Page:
Figueroa was WTVJ Miami VP of news before moving into the WTMO GM office in August 2020.
Stations are connecting with consumers on digital platforms. WTMO plans a daily digital newscast to debut in the fourth quarter. In May, WFTV premiered Breve Del 9, a digital daily newsbrief hosted by anchor Nancy Alvarez. Briggs noted “the tremendous Hispanic community” in DMA No. 17.
WOFL is the East Coast hub for streaming platform LiveNOW, serving the Fox Television Stations in the a.m., with Phoenix the hub in the later hours. “We’re really excited to be able to be in this space,” said McClain. “It’s a feather in our cap that the company chose us.”
Orlando turned on ATSC 3.0 this summer.
Disney Turns 50
Theme parks represent a giant chunk of the local economy. When they’re doing well, the whole market does well. “The pandemic has had an impact on tourism,” Soapes said. “Hopefully we’ll continue to recuperate from that.”
Walt Disney World turns 50 this year. The anniversary festivities begin Oct. 1. “Every day, Disney is in the news,” said Medalie.
The theme parks mean residents almost always have a friend visiting Orlando. “Every person you ever met in your life is going to come through town,” Hoffman said.
The heat this time of year is oppressive, but cooler temps await. Briggs described winters as “spectacularly beautiful.” He added, “Seven months of perfect weather almost makes up for four and a half months” of crippling heat.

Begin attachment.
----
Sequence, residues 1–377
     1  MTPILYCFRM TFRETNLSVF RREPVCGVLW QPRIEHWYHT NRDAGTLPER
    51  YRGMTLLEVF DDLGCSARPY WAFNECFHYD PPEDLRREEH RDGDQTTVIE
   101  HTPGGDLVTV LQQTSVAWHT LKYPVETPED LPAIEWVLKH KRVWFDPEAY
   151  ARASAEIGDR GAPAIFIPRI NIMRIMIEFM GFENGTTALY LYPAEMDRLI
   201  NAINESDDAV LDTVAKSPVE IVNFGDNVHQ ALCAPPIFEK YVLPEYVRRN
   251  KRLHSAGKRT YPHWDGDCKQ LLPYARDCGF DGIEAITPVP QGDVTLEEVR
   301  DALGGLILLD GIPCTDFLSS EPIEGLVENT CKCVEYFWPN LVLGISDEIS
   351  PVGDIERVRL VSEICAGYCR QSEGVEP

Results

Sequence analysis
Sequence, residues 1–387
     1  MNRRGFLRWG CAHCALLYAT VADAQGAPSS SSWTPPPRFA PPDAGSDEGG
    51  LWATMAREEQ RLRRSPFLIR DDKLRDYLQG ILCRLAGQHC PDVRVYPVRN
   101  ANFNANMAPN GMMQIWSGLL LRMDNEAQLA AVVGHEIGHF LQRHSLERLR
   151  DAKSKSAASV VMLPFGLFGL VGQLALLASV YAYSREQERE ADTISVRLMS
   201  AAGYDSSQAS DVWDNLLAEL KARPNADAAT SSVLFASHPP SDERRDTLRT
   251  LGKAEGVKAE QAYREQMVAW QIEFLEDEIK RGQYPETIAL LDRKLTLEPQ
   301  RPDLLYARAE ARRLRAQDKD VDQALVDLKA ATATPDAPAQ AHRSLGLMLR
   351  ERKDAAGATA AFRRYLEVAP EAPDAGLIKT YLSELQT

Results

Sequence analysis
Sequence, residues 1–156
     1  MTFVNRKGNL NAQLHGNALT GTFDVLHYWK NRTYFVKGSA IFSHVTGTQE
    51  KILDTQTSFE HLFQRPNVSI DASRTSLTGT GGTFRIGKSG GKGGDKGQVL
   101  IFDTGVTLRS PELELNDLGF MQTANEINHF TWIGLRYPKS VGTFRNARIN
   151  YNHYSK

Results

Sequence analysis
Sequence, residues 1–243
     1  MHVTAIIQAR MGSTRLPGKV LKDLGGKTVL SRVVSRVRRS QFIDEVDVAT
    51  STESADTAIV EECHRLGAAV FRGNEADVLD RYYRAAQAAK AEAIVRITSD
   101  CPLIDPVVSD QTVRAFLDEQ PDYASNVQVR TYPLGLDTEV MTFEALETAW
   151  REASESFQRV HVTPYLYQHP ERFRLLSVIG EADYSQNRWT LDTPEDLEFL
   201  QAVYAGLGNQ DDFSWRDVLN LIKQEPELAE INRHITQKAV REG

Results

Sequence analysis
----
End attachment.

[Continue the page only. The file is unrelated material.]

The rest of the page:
Orlando welcomes people from all corners of the globe, whether they’re tourists or new residents, which tends to make them friendlier to more recent arrivals. “People here are warm and welcoming,” said McClain. “It’s a place where people are from all over, and that’s what I like about it.
Michael Malone, senior content producer at B+C/Multichannel News, covers network programming, including entertainment, news and sports on broadcast, cable and streaming; and local broadcast television. He hosts the podcasts Busted Pilot, about what’s new in television, and Series Business, a chat with the creator of a new program, and writes the column “The Watchman.” He joined B+C in 2005. His journalism has also appeared in The New York Times, The Philadelphia Inquirer, Playboy and New York magazine.